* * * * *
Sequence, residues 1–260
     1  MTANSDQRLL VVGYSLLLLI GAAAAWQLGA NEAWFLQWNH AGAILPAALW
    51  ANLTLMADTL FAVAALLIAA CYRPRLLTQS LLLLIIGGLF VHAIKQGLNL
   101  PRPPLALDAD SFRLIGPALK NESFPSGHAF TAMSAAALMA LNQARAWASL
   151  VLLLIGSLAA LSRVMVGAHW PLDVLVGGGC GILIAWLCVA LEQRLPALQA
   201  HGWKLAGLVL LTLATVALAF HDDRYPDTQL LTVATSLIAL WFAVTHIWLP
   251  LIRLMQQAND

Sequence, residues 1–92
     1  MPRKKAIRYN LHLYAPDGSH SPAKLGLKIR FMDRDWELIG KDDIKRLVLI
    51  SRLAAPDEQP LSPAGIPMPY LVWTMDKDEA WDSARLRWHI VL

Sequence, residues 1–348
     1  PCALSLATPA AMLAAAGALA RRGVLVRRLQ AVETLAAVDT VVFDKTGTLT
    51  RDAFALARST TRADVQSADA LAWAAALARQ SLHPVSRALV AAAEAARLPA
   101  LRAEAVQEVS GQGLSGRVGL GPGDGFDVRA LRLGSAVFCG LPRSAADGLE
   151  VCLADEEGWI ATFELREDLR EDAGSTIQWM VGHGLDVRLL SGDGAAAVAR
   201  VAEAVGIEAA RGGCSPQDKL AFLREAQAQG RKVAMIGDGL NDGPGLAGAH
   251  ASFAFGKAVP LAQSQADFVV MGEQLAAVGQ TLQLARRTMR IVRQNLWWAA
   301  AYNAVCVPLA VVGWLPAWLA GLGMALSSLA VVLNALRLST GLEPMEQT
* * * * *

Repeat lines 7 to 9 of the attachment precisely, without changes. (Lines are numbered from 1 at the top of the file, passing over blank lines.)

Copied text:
   251  LIRLMQQAND

Sequence, residues 1–92
     1  MPRKKAIRYN LHLYAPDGSH SPAKLGLKIR FMDRDWELIG KDDIKRLVLI